While technical measures are critical, we can’t underscore how important it is for organisations to also speak to their staff. Issue clear advice about the need to maintain secure practices when working from home, and the continuing importance of protecting the information of customers and of the organisation. As executives increase their conversations with staff at this time about how their companies are handling the crisis, security and privacy teams must also strive to have security and privacy priorities included in these communications.
The highs and lows of humanity
The image of people fighting off the elderly for toilet paper crystallises how the pandemic has, sadly, illuminated some of the worst in human behaviour.
So it was in the cyber realm. Very quickly after the pandemic took hold, authorities observed a spike in COVID-19 themed phishing and scam emails. Also discovered were coronavirus health-apps laced with malware, hijacked routers steering users to malicious COVID-19 sites and the disrupting of online services that the public will increasingly come to rely on.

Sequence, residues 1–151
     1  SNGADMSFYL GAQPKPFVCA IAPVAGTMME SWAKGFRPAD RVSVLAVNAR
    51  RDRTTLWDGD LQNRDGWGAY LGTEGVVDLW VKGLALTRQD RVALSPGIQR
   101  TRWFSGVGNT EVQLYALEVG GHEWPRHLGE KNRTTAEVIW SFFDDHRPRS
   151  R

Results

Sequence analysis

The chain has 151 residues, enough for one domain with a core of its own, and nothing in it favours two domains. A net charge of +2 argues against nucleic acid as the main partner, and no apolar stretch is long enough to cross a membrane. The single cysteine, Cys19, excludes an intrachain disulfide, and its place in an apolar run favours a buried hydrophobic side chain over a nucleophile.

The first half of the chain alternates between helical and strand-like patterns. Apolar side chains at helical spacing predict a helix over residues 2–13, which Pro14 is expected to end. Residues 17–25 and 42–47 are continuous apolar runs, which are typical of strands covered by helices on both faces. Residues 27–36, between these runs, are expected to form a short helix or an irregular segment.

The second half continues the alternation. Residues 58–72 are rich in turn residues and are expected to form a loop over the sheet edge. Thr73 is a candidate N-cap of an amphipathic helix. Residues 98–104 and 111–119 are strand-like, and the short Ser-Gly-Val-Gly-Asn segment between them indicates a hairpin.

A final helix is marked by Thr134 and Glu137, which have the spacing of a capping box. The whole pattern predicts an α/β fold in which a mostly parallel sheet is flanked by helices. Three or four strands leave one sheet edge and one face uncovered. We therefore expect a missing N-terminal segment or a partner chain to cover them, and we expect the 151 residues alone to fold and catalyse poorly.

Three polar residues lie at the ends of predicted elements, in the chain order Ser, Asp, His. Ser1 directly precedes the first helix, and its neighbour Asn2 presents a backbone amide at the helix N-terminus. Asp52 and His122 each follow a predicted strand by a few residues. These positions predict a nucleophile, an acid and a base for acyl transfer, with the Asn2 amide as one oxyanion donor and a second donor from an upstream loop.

The expansion of cybercrime infrastructure – such as the registering of new domains, and burgeoning pool of potential money mules – further suggests we could face these new risks for a sustained period.
All the more reason for businesses to start educating their staff now, not least because a state of heightened fear, anxiety and constant desire for new information likely increases susceptibility to threats such as phishing.
For a while, it did seem that cyber-criminals might have an attack of conscience, with some peddlers of ransomware vowing to lay off health care companies. A series of hospital-related attacks showed that to be a false dawn.
While there may be no honour among cyber thieves, there is valour in our industry worth celebrating. Many security researchers are volunteering to support healthcare providers fighting hackers, while a number of security vendors are providing free tools to help their customers be more secure. Some professionals have even set up an online cyber school for flustered home-schooling parents to help teach their kids cyber security.